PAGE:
He rose and stretched-hands high-counting the pops in his spine as he bent this way, then that.  Then listened to the cracks in his ankles as he walked, squinting to unlock the bedroom door in the darkness. An unnecessary precaution as it turned out but one he felt he had to take.

He padded across the hall and paused at the slightly open door to the front room-just as he’d left it. Her deep regular breathing was the only sound on the floor. He slipped the door open wide enough to enter. This side of the house fronted the lake and the light of the dawn moon falling over the far hills pointed a silver sword their way across the water. He watched the flickering light crawling directly at him and fell under the spell of her breathing.

He allowed himself to be borne away by her rhythm, inhaling deeply with her and exhaling as she did. Not being asleep, the exercise left him feeling winded-in need of quick swallows of air. The room carried the sweet aroma of his grandmother’s bread dough rising in her tiny kitchen-a heady mix of sleep, damp heat and last night’s lovemaking.

He approached the bed where she was on her side sunken deeply into the old mattress the sheet around her shoulders. He checked the knots around her ankles and gently slipped a finger between the bonds and her skin. Secure and not too tight. He then pulled back the sheet to check her wrists, bound before her as if in prayer. Her breath feathered the back of his hands. The rope securing her wrists to her ankles was likewise fast.

And lastly, the knife. His own deer knife, a nine inch blade sharp enough to shave, cut and gut. Happily, it was safely sheathed within her easy reach. His suggestion was to bind her lightly so she could easily release herself if necessary during the night. She instead wanted to be bound tightly, with the knife as her out card.

He knew she was mad from the first. But the first was so long ago that the knowledge did him no good now.

The World’s Worst Flirts

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He could see her behind the counter when he pulled up. Did he know she would be here? He had thought of her that morning for no particular reason, now here she was. Maybe he somehow knew that she worked weekends.

“Hi”, he said, pushing his way through the glass door which would have opened automatically had he waited for it. There was no one in the store but her. “I haven’t seen you in awhile.” She cocked her head slightly to one side expectantly so he pushed on. “I must not come in when you’re here.”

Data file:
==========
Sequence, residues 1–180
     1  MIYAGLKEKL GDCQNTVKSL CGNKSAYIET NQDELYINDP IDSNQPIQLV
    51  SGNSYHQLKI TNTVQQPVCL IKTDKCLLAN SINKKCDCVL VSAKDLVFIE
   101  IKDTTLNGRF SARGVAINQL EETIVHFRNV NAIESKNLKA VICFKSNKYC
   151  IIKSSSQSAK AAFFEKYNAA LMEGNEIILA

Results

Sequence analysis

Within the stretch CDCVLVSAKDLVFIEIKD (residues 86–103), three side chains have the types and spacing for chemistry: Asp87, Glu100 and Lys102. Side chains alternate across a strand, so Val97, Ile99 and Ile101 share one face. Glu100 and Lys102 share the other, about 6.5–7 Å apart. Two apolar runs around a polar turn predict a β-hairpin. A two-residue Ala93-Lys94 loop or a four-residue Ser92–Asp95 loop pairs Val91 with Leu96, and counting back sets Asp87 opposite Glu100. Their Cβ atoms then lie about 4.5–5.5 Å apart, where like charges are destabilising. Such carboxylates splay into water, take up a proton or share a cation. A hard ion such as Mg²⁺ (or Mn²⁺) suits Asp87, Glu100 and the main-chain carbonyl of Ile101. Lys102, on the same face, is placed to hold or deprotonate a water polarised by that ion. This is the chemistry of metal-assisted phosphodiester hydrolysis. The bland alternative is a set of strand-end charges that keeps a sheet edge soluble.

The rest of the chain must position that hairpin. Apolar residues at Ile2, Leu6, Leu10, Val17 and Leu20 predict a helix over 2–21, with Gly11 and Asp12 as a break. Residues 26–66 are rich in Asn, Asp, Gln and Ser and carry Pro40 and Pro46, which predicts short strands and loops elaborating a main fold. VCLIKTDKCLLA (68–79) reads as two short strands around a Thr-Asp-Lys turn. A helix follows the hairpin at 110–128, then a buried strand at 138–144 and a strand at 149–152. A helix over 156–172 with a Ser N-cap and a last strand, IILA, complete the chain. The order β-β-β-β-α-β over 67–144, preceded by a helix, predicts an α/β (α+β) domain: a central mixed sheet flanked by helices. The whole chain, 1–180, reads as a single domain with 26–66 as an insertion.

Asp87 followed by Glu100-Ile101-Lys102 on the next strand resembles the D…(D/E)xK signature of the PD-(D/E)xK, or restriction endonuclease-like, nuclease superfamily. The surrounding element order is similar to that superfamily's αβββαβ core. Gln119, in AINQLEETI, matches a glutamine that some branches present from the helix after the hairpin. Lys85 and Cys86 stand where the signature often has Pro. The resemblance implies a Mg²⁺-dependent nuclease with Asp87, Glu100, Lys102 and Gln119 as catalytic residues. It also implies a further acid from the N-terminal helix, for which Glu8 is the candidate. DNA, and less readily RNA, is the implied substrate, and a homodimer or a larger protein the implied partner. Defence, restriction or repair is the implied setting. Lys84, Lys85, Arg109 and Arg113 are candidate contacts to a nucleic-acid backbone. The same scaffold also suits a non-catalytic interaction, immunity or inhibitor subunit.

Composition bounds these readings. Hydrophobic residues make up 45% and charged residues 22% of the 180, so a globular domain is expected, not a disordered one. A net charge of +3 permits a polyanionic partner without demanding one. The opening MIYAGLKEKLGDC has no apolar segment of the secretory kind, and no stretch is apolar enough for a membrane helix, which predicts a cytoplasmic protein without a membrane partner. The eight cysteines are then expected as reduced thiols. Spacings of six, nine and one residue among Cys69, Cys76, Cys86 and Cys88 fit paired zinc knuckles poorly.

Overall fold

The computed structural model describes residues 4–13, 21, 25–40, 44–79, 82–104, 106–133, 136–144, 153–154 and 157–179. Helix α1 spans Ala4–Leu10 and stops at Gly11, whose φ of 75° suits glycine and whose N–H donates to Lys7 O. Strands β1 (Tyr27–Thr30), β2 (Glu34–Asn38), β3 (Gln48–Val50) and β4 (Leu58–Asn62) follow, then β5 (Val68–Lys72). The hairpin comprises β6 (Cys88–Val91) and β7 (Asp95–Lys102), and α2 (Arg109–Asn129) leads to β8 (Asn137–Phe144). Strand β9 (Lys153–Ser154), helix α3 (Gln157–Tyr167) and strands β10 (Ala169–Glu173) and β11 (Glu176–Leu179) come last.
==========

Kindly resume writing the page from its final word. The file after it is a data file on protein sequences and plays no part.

“You just don’t come in when I’m here”, she said.

She took his lottery card and ran it through the machine. Her face, round and scrubbed pink, opened in a smile when she handed him his ticket. Her teeth were tiny, baby-teeth but perfectly aligned. None of the others here had all of their teeth. At least he had that impression.

He opened his wallet when she said “Two dollars” and rifled through the receipts and paper scraps finally finding two triple-folded ones that he handed over. He failed trying to think of something clever and said, “I think I have enough.”

“Yep, you do” she said taking the bills with a smile. “Won’t have to make you mop the floors now.”

Taking the ticket and again, failing to think of anything clever, he looked at the floor and said, “I don’t think I could get down that low.”

“I think you could get down pretty low.”

What? Wait. On his way to the door he veered left, cutting off a quick exit to stare into the cooler. He’d buy an ice tea if he had another buck. He saw the reflection of his paint-spattered jeans, torn sweatshirt, his shapeless raincoat and ball cap. “Christ”, he thought and moved to the door again.

“Have a good one”, he said this time waiting for the hydraulic whoosh to open it.

“You too”, her smile was noncommittal to the point that it almost not a smile at all.

She works Saturdays he told himself trying to carve it in his memory. I’ll have something better to say next week.

Inside, she wondered idly where she had seen him before.

Left Behind

ghost

It doesn’t matter, he said sounding a tad strained. I just wish I could straighten up a little, that’s all. He tried for the millionth time to pick up one of the scattered cards or a stack of loose papers. They passed right through his hand.

See? Said the other. Why bother?

If I had some new file folders I’m sure I could make some sense of this. He continued to try to keep the desperation out of his voice.

It just doesn’t matter.

Listen, he said hearing footsteps on the gravel outside. Here they come again.

He turned to face the broken window and smiled a wide gap-toothed grimace.

What the hell are you doing?

Smiling for their picture.

You know they can’t see you, right? You won’t show up. Look at the floor. You don’t even leave tracks.

I wish Miss Baxter was here-she could put this mess to right.

She’s long gone. Forget it-

Why are we still here again?

The other sniffed and slowly diffused into a limp, spreading cloud of glimmering tendrils that rose toward the rafters.

What? But…

Sighing but afraid to be alone, he allowed himself slip likewise apart and followed, trying to remember why he wouldn’t show up on film. He’d make him tell next time.